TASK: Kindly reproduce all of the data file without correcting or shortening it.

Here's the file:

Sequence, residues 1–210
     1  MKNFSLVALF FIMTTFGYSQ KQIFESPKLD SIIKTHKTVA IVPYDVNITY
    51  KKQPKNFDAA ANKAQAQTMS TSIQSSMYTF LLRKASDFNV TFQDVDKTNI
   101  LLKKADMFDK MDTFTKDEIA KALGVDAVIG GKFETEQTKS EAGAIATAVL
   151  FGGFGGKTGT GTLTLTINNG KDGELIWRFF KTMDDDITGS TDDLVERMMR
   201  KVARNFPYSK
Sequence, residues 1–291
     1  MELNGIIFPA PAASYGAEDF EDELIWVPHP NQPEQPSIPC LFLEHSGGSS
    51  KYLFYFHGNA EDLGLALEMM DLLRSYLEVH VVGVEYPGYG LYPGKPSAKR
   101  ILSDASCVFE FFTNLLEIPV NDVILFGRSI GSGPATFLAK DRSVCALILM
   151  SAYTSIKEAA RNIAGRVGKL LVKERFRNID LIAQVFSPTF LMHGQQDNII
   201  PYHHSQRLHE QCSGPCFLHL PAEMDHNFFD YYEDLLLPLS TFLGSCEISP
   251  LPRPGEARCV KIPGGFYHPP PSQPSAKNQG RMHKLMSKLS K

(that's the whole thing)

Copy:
Sequence, residues 1–210
     1  MKNFSLVALF FIMTTFGYSQ KQIFESPKLD SIIKTHKTVA IVPYDVNITY
    51  KKQPKNFDAA ANKAQAQTMS TSIQSSMYTF LLRKASDFNV TFQDVDKTNI
   101  LLKKADMFDK MDTFTKDEIA KALGVDAVIG GKFETEQTKS EAGAIATAVL
   151  FGGFGGKTGT GTLTLTINNG KDGELIWRFF KTMDDDITGS TDDLVERMMR
   201  KVARNFPYSK
Sequence, residues 1–291
     1  MELNGIIFPA PAASYGAEDF EDELIWVPHP NQPEQPSIPC LFLEHSGGSS
    51  KYLFYFHGNA EDLGLALEMM DLLRSYLEVH VVGVEYPGYG LYPGKPSAKR
   101  ILSDASCVFE FFTNLLEIPV NDVILFGRSI GSGPATFLAK DRSVCALILM
   151  SAYTSIKEAA RNIAGRVGKL LVKERFRNID LIAQVFSPTF LMHGQQDNII
   201  PYHHSQRLHE QCSGPCFLHL PAEMDHNFFD YYEDLLLPLS TFLGSCEISP
   251  LPRPGEARCV KIPGGFYHPP PSQPSAKNQG RMHKLMSKLS K